Where I mix career information and career decision making in a test tube and see what happens

Wednesday, July 27, 2011

High-Paying and Low-Paying Skills

The book I’m trying to finish right now is the second edition of 150 Best Jobs for Your Skills. (I’ll be able to complete the manuscript once release 16.0 of the O*NET database becomes available.)

Like all of my other books in the Best Jobs series, this one will include a lot of lists. I intend to include some lists that show the relationship between skills and earnings, because readers can learn a lot from considering this relationship. For example, consider readers who have not decided on a particular career goal but want to prepare for a high-income career. These readers can focus on developing these high-payoff skills and feel they are doing something positive toward advancing their careers, even though their goals are not sufficiently crystallized to allow them to work on developing occupation-specific skills.

Recently I came upon an astute analysis of the relationship between skills and earnings. The urban theorist Richard Florida asked his colleagues at the Martin Prosperity Institute (at the University of Toronto) to combine data from the O*NET database about the skill requirements of occupations and data from the U.S Department of Labor about the earnings of occupations, with the goal of seeing how an increase in a skill contributes to an increase in earnings.

For the purpose of their analysis, they collapse several O*NET skills into three large skill categories: analytical skills, social intelligence skills, and physical skills. (I do something similar in my book.) Then they look at how differences in level of skill affect level of income. For example, how do the earnings for occupations requiring the 25th percentile level of analytical skill compare to earnings for occupations requiring that skill at the 75th percentile level? In this case, they found that income increased by $25,600. The difference for analytical skills is charted in the graph below. Note that the x-axis is not a time scale, as it is in most line graphs; it represents a difference in level of skill.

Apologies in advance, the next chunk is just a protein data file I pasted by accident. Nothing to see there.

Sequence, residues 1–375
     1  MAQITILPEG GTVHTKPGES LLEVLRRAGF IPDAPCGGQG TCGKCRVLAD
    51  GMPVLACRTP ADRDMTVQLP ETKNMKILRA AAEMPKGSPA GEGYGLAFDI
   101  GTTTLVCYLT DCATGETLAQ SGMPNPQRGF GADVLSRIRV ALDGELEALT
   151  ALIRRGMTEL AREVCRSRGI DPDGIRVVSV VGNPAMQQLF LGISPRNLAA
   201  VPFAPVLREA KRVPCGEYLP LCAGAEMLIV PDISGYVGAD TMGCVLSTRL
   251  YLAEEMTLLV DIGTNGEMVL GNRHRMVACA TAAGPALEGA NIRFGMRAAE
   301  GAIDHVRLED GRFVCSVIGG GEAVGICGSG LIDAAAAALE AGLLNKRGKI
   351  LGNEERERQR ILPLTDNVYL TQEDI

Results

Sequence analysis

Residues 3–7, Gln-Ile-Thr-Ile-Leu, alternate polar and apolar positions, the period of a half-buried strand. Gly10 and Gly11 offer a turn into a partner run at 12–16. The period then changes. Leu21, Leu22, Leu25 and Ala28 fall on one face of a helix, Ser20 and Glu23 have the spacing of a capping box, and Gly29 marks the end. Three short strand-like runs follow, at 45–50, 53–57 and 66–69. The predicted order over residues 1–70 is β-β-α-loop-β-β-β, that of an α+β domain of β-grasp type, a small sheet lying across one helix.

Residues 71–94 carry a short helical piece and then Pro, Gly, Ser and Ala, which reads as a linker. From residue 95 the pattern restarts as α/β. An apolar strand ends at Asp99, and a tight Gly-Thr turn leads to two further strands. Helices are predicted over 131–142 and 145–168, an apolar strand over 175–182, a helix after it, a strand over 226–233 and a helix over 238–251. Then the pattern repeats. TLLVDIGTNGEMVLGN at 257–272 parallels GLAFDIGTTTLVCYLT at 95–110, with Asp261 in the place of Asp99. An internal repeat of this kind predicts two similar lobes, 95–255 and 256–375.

For social intelligence skills, the difference in income is even more dramatic. Occupations at the 75th percentile level average $34,600 more in pay than occupations at the 25th percentile level.

But note how different the effect is when the researchers look at physical skills. It turns out that working in an occupation requiring physical skill at the 75th percentile level actually reduces your income by an average of $13,600 from what it would be at the 25th percentile level.

In his blog on The Atlantic website, Richard Florida uses these findings to explain why the economic prospects of men have stagnated recently. The Great Recession threw many more men out of work than women, and even though men have been getting rehired faster than women, their long-term outlook is not as good.

For the previous edition of 150 Best Jobs for Your Skills, “I computed the average growth and job openings of the jobs with the highest percentage of women and found statistics of 14.3% growth and 59,608 openings, compared to 10.2% growth and 29,421 openings for the jobs with the highest percentage of men. This discrepancy reinforces the idea that men have had more problems than women in adapting to an economy dominated by service and information-based jobs. Many women may simply be better prepared, possessing more appropriate skills for the jobs that are now growing rapidly and have more job openings.” I expect to find a similar discrepancy when I analyze the male- and female-dominated sets of occupations that I assemble for the new edition.

This difference in skills also helps to explain some of the narrowing of the male-female wage gap. In his blog, Florida posts two graphs by the blogger Alex Tabarrok that compare changes in per capita gross domestic product (GDP) to changes in male and female wages. Both male and female wage variations track pretty closely with GDP variations until about 1975, when the male increases level off even as the female earnings continue to climb in parallel with the GDP increases. Although some of this difference can be explained by the increase in female participation in the labor force, a lot is probably caused by the better match between the skills of female workers and the requirements of the new economy.

The lesson here for both men and women is that it pays to develop analytical and social intelligence skills. For greater detail about the skill requirements of high-paying jobs with good outlook, see the next edition of 150 Best Jobs for Your Skills.

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